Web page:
Tried to give you warning but everyone ignores me
Told you everything loud and clear
But nobody’s listening
Called to you so clearly but you don’t want to hear me
Told you everything loud and clear
But nobody’s listening
This is the second time an article on the Good Men Project has made me think of those Linkin Park lyrics. The magazine posted an excerpt from Rosalind Wiseman’s book Masterminds and Wingmen: Helping Our Boys Cope With Schoolyard Power, Locker-Room Tests, Girlfriends, and the New Rules of Boy World. Wiseman contends in her book that boys are more complex than society thinks, and that she “didn’t realize how often adults dismiss boys’ feelings, or that boys regularly have experiences where people assume they’re either hormone-crazed jerks or lazy slackers—or both.”
From the portions of the book I read, there is nothing new in Wiseman’s analysis. Many people have written about these issues. Normally I would not pay such a book any mind because most of the issues mentioned in these kinds of books can be solved by people taking the time to actually pay attention and listen to boys.
What made me want to comment on Wiseman’s excerpt was her attack on a particular comic book character:
I’d bet any amount of money that you’ve never said to a boy, “If you have a big problem and admit you’re really upset and worried, I’ll be ashamed of you and you’ll grow up to be a poor excuse for a man.” But somehow most boys have this message to some degree wired into their brains by the time they reach older childhood. Where does this message come from? It’s not like someone has been beaming things into their brains all day since they were little kids about when it’s okay for a guy to ask for help.
Except that’s exactly what’s going on. Think back to when your son was five or six and what toys he was given and what he liked to play with. I’m not about to launch into an argument about trying to get boys to play with dolls instead of trucks, and this isn’t about what color clothes you put him in as a toddler. Just go with me here. Did he get or play with toys that looked like this? [Batman]
Really? We are blaming Batman for boys not talking about their emotions? We are not looking at the mothers and fathers who tell their sons not to cry? We are not looking at the mothers and fathers who dismiss their sons’ feelings with a quick, “He’ll get over it”? We are not looking at the culture that demands that boys show emotion and then mocks them when they do? We are not looking at the scores of activists who want boys to “get in touch with their feminine side” who then call any man or boy who complains about his lot in life and society “whiners,” “entitled?”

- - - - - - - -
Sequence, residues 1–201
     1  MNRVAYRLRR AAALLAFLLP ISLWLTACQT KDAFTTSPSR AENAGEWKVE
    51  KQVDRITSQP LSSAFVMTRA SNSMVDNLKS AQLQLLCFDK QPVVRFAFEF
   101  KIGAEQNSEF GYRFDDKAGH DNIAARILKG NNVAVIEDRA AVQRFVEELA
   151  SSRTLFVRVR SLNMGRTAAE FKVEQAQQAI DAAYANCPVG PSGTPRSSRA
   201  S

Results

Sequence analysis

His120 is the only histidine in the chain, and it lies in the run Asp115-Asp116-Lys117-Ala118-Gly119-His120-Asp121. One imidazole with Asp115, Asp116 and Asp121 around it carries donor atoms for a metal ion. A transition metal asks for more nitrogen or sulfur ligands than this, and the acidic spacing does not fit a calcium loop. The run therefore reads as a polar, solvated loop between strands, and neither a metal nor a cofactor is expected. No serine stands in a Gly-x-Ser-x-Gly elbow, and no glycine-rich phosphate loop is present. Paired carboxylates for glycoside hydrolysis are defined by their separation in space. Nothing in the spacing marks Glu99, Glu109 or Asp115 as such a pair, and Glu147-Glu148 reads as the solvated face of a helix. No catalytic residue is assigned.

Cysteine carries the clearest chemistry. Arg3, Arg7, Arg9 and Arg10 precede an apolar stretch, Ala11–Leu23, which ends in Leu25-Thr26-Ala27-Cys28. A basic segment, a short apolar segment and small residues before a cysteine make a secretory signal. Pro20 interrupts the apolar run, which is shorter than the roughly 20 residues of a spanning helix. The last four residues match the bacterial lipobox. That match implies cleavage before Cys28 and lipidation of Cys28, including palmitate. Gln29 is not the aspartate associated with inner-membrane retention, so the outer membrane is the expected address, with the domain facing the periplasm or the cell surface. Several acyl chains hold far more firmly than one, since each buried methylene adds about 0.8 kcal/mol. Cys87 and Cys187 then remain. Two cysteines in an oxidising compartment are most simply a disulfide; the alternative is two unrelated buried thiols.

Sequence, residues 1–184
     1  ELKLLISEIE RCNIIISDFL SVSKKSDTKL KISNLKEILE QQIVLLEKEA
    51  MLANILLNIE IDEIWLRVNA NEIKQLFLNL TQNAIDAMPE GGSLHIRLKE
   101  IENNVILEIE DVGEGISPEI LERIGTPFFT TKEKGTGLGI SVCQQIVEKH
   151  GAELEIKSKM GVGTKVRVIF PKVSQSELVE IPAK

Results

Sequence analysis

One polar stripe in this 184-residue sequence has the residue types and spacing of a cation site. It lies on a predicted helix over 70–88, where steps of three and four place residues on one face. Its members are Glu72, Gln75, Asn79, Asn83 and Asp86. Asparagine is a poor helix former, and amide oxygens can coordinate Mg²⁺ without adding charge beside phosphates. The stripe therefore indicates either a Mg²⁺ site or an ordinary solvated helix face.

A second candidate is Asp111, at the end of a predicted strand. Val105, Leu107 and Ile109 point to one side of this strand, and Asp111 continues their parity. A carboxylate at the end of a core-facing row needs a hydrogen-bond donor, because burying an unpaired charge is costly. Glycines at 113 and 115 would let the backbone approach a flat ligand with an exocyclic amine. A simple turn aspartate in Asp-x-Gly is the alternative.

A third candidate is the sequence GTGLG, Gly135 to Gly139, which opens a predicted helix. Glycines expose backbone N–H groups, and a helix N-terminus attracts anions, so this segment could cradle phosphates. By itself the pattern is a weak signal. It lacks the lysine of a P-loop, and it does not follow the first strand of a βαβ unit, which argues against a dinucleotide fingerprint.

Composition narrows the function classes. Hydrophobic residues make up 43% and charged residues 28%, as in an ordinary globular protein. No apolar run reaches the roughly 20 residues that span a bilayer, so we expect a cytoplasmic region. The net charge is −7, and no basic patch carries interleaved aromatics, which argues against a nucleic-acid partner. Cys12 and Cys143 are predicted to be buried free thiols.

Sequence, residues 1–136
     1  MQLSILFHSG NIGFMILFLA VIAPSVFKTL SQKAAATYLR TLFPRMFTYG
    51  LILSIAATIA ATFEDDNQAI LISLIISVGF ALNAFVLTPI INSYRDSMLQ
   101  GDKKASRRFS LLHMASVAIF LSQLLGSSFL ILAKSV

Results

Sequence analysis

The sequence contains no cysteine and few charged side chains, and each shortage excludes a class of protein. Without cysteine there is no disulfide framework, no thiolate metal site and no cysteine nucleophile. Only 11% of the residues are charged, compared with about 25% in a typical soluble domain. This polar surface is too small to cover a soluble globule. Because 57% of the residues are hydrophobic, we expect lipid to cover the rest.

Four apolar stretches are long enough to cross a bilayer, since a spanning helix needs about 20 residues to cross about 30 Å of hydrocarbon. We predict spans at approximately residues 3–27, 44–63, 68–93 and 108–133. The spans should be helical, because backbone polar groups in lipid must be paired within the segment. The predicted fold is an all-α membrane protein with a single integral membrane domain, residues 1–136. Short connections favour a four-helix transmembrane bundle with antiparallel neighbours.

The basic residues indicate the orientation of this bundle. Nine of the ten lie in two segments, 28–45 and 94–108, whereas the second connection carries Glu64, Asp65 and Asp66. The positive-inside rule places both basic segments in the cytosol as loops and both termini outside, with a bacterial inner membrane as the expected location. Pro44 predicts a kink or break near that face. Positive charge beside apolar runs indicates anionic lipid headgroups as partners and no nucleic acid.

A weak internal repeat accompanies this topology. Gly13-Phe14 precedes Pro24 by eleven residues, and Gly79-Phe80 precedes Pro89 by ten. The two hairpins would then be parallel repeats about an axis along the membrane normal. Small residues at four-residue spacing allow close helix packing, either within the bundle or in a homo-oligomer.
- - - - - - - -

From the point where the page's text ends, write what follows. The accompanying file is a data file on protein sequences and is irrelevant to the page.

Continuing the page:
Batman is the problem? Please explain:
Do you remember the first time he got a superhero costume? Who got it for him? Did he jump off couches? When you walked through the door, did he attack you? Do you remember how exciting it was for him to be the all-powerful superhero? When you’re a young boy and you’re flying around the room with a Batman cape your grandma gave you, it’s intoxicating. You’re the hero. You don’t have to listen to anyone. You have unlimited power—which, when you’re five, is particularly cool because the reality is that you have very little control over your life.
Speaking as a Batman fan, I can say that was never the attraction to the character for me. I did find him cool, strong, and in control. However, I also found him dependable, protective, and self-sacrificing. Batman saves people. He takes his hurt and pain and instead of becoming a villain or doing nothing he saves people. I am willing to bet that most boys who play as Batman often include that aspect. It certainly was important to one little boy.
If the appeal of Batman is really about control, what does that say about the situation a boy is in? How out of control is his life that his only solace is pretending to be Batman so that he feels he has some impact on what happens to him?